catapult magazine

catapult magazine

Vol 7, Num 19 :: 2008.10.24 — 2008.11.07


Becoming a Matriarch

Family archery club

Photo: Family archery club, 1876


Unless the Lord builds the house,

those who build it labor in vain.
Unless the Lord guards the city,
the guard keeps watch in vain.
It is in vain that you rise up early
and go late to rest,
eating the bread of anxious toil;
for he gives sleep to his beloved.

Sons are indeed a heritage from the Lord,
the fruit of the womb a reward.
Like arrows in the hand of a warrior
are the sons of one’s youth.
Happy is the man who has
his quiver full of them.
He shall not be put to shame
when he speaks with his enemies in the gate.

Psalm 127

My mother-in-law often reminds me that I told her at my engagement festivities that I aspired to become a Matriarch.  This was certainly an odd thing for a young bride-to-be to remark.  I was the eldest in my generation and the next to take over this title.  I had incredible role models, ones I knew personally and ones from family stories going back to the Revolutionary War. 

My mother-in-law’s family had no aspirations to a title. Life’s circumstances-escaping the pogroms of Czarist Russia through Ellis Island-produced strong women in survival mode.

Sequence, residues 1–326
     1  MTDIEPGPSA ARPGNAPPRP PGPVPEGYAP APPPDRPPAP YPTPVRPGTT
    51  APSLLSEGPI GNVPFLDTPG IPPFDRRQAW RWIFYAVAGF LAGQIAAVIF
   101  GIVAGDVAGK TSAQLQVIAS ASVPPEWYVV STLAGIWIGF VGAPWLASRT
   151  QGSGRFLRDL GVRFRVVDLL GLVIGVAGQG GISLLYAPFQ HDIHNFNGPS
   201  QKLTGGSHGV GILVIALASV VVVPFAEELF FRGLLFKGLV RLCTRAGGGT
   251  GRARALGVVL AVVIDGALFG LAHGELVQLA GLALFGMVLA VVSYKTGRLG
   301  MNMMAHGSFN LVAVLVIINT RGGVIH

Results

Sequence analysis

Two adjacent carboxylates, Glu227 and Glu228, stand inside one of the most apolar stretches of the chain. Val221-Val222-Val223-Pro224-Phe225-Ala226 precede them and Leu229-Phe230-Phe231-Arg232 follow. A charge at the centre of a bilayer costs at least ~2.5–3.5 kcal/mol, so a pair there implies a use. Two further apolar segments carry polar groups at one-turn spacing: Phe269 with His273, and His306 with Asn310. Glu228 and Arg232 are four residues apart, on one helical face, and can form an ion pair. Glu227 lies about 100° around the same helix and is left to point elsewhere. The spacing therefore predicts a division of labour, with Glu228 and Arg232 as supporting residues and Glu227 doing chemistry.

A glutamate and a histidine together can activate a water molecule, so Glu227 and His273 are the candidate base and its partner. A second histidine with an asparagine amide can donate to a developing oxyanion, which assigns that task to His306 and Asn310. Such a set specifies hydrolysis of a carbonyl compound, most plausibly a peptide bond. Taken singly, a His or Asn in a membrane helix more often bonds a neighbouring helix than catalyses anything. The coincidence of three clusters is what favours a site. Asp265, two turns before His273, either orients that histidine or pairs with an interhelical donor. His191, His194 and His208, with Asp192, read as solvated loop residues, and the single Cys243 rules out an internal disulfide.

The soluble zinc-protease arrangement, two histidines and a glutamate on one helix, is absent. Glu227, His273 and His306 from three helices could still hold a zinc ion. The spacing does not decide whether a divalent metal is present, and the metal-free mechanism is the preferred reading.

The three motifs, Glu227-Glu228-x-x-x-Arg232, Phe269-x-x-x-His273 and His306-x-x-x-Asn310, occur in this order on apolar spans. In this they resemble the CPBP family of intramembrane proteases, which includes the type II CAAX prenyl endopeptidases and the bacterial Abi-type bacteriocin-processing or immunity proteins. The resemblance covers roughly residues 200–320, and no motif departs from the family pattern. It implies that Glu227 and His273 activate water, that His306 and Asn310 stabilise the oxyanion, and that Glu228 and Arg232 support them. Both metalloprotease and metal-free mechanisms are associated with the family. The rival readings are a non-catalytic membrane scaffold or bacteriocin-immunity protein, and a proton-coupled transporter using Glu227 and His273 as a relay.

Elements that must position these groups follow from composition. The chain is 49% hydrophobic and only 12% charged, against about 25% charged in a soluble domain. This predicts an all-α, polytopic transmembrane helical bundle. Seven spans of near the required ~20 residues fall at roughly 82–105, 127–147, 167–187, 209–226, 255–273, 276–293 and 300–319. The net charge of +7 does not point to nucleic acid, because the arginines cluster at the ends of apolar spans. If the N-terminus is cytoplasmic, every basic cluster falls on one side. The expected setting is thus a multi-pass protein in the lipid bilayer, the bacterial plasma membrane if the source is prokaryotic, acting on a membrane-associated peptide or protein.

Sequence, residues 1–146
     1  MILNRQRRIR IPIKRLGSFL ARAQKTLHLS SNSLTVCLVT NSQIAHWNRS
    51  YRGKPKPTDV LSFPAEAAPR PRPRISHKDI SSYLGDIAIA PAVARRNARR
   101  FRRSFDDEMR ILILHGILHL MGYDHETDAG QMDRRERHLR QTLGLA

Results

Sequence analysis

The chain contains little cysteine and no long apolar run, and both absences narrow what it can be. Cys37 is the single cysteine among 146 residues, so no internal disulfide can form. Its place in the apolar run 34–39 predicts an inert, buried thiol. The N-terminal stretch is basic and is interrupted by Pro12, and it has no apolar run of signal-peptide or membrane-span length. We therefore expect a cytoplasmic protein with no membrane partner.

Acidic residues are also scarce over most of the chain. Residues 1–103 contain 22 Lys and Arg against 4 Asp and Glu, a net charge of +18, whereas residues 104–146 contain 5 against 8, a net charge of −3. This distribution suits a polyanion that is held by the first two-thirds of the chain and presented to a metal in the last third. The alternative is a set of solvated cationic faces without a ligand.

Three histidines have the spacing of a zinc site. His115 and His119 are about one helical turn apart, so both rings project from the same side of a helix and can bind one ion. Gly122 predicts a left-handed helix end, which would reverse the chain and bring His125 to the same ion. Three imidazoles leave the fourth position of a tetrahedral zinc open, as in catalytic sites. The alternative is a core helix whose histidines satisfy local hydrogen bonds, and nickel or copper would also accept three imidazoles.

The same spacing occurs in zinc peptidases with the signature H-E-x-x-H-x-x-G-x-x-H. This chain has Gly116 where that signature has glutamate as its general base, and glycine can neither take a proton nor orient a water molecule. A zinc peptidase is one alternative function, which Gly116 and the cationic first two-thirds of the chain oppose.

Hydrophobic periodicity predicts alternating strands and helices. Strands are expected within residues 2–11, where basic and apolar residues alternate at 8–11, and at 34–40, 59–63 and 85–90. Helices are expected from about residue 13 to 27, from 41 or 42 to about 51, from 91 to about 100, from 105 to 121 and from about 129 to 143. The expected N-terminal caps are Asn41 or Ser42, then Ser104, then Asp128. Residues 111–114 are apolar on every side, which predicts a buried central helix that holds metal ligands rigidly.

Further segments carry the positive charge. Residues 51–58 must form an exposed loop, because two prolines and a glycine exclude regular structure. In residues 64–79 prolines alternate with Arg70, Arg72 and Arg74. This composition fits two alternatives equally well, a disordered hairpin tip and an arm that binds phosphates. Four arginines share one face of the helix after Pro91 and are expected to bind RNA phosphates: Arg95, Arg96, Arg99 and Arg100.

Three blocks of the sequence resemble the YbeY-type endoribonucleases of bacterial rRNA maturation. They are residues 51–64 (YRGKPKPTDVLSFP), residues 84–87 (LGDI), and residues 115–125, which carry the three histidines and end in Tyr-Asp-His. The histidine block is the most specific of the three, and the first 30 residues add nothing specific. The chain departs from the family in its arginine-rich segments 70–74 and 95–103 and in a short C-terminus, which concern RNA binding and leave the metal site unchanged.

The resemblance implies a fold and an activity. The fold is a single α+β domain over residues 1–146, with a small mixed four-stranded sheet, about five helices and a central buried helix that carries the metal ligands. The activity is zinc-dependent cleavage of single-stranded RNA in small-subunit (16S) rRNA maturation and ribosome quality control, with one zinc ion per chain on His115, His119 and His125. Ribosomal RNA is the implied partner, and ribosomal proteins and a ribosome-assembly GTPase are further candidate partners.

My grandmother’s older sisters did not refer to themselves as Matriarchs.  They often referred to another member of their generation whom they considered a better representative by having become more famous than themselves.  Cousin Patty, for whom the Westminster chiming mantle clock was named, definitely received this reference.  The clock acquired her moniker because it chimed on the quarter hour and Cousin Patty talked a lot.  She also was a breeder of cattle and the first woman in the Pennsylvania state legislature.

My father’s second cousins really popularized the aspiration to Matriarchal status as they teased one another about who held the title and what “perks” were associated with it.  These discussions begat an epical mythical quality associated with the title Matriarch.

As I continue to aspire to attain this title, my focus is on family relationships-maintaining and enhancing these relationships through events and stories, creating space for laughter and ideas.  Creation not just of artifacts to be passed down, but memories that energize the next generation, launching them like arrows into the future (Psalm 127:3-4).

Paradoxically, pressing on also means not venerating a title nor even these relationships but seeing all of life in relationship to Christ (Philippians 3:12-14).

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